In the dual-economy framework, rural (landless or small proprietor) farmers are pushed by wage considerations to move into dynamic urban environments as low-skilled workers. At first, with no wealth to invest in their children, they make “quantity” a priority over “quality.” Over generations, however, there is a tipping point where a given family has accumulated enough resources to make meaningful human-capital investments in their children. Once this occurs, they can now move up to the higher-skilled tiers of society. Crucially, it is this accumulation, not of wealth, but of human capital, that drives further growth in Lucas’s model. The speed at which these changes occur depends on the magnitude of “interactions” in society: how often and to what degree people engage with one another in productive exchanges—anything from academic discussions to business deals.

A key mechanism in the model is that economic growth itself is what allows the low-skilled workers, coming from the farms, to dependably get better and better jobs over time. Thus, the dynamic is self-reinforcing as more rural workers move to the cities.

When considering the Industrial Revolution, we can appreciate how natural it would be to dismiss the intangible, fuzzy concept of “human capital” and only focus on material capital: factories, infrastructure, mines, etc. But if we view the Industrial Revolution with Lucas’s model in mind, we can at the very least see that Lucas’s statement from his 2015 paper—”human capital accumulation can account for all observed growth”1—is quite plausible.

Later in the same paper, Lucas asserts: “The contribution of human capital accumulation to economic growth deserves a production function of its own.” 1 In the model Lucas has presented tonight, he answers his own demand. There is, indeed, a “production function” for human capital, and when it is coupled to a fertility model, it can show the dynamics of rapid urbanization and economic growth. In other words, it can model an industrial revolution.

To use Lucas’s own words from the lecture: “We used to think of the Industrial Revolution as factories and coal, but I think the main consequence was the emergence of the bourgeoisie who are just creating things out of nothing, generating wealth and production.”

Postscript

What does this all mean? What are the implications of this model in 2016?

We go back to the graph showing the relation between GDP per capita and share of population in agricultural work. Lucas mentions how many areas of the world are still in the upper left portion of the graph—poor, agricultural, unskilled-labor-intensive economies. According to Lucas, we must not be deluded into thinking that a pastoral lifestyle is something to be preserved at the cost of indefinite poverty. Lucas states, “The idea that you can prettify this lifestyle is just plain wrong.” Rather, we have a collective interest in the flourishing of all people around the world, and we have emerging evidence that investment in human capital, coupled with smart urbanization, is one of the best ways to achieve it.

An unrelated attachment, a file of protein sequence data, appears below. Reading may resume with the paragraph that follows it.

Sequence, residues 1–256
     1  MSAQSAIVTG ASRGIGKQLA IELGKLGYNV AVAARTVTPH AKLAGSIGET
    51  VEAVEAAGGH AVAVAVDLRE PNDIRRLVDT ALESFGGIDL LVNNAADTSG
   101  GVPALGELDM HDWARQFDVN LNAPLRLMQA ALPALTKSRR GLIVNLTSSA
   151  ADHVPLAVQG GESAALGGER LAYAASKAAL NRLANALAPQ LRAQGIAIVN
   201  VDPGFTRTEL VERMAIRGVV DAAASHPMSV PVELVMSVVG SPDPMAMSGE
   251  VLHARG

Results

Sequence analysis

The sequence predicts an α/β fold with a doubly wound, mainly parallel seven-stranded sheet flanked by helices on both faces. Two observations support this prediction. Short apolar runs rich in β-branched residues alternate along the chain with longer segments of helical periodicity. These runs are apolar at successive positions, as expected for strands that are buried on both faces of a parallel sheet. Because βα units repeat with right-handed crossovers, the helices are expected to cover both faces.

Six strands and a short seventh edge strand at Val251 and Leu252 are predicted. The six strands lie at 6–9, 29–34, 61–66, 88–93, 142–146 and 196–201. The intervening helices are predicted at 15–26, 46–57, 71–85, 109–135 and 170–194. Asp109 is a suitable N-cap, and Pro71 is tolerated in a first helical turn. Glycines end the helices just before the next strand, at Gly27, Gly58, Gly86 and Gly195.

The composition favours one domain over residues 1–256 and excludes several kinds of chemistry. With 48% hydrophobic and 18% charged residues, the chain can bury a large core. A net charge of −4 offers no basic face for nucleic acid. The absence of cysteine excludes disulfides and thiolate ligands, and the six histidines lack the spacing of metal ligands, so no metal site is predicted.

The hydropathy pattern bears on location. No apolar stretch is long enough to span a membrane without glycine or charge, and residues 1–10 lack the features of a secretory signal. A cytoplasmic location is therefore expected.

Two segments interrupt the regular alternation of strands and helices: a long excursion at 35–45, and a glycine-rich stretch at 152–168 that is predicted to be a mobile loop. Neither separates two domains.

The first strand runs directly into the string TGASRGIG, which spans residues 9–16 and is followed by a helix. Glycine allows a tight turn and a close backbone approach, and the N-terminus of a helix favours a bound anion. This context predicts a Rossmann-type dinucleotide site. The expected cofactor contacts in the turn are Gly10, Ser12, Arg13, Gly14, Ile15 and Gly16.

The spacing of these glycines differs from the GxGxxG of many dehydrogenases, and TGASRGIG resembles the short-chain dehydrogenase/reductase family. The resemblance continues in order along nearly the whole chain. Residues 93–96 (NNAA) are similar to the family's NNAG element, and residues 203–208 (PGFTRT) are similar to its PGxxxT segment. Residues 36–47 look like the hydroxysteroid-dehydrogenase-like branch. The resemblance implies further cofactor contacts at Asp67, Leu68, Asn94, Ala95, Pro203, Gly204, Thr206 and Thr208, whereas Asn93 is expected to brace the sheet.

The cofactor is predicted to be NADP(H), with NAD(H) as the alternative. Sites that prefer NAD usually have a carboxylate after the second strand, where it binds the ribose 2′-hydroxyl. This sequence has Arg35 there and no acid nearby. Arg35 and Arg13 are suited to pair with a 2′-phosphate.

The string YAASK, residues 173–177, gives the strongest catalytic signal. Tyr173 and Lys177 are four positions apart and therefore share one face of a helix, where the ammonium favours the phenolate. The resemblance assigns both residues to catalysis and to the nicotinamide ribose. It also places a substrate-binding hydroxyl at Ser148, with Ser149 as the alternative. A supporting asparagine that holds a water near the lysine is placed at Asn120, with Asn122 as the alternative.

The questions following the lecture are—as expected from economists—pointed. In response to questions about the refugee and economic migrant crisis in the EU, Lucas denies that his model says anything specific about it, but states emphatically that he supports immigration in general. Finally, when asked about the prospects of continued economic growth, given recent anxiety about economic stagnation, Lucas responds that since the Industrial Revolution we have seen stable growth unlike any period before in recorded history. He believes that growth will continue, as capitalism reinvents itself yet again, this time for the information age—though he admits that “flush toilets are way more important than Facebook.”

With that, the lecture concludes, and the lucky attendees weigh the expected utility of waiting in line to speak with the most influential living economist against the expected utility of beating the rush to the cava and jamón ibérico at the reception. The gears of the market keep turning.

References:

  1. Lucas, Robert E. 2015. “Human Capital and Growth.” American Economic Review, 105(5): 85-88.
  2. Lucas, Robert E. 2009. “Trade and the Diffusion of the Industrial Revolution.” American Economic Journal: Macroeconomics, 1(1): 1-25.
  3. Lucas, Robert E. 2009. “Ideas and Growth.” Economica, Vol. 76, Issue 301: 1-19.
  4. Malthus, Thomas Robert. 1798. “An Essay on the Principle of Population.” Library of Economics and Liberty.
  5. Becker, Gary S. 1960. “An Economic Analysis of Fertility.” Demographic and Economic Change in Developed Countries. Princeton: Princeton University Press.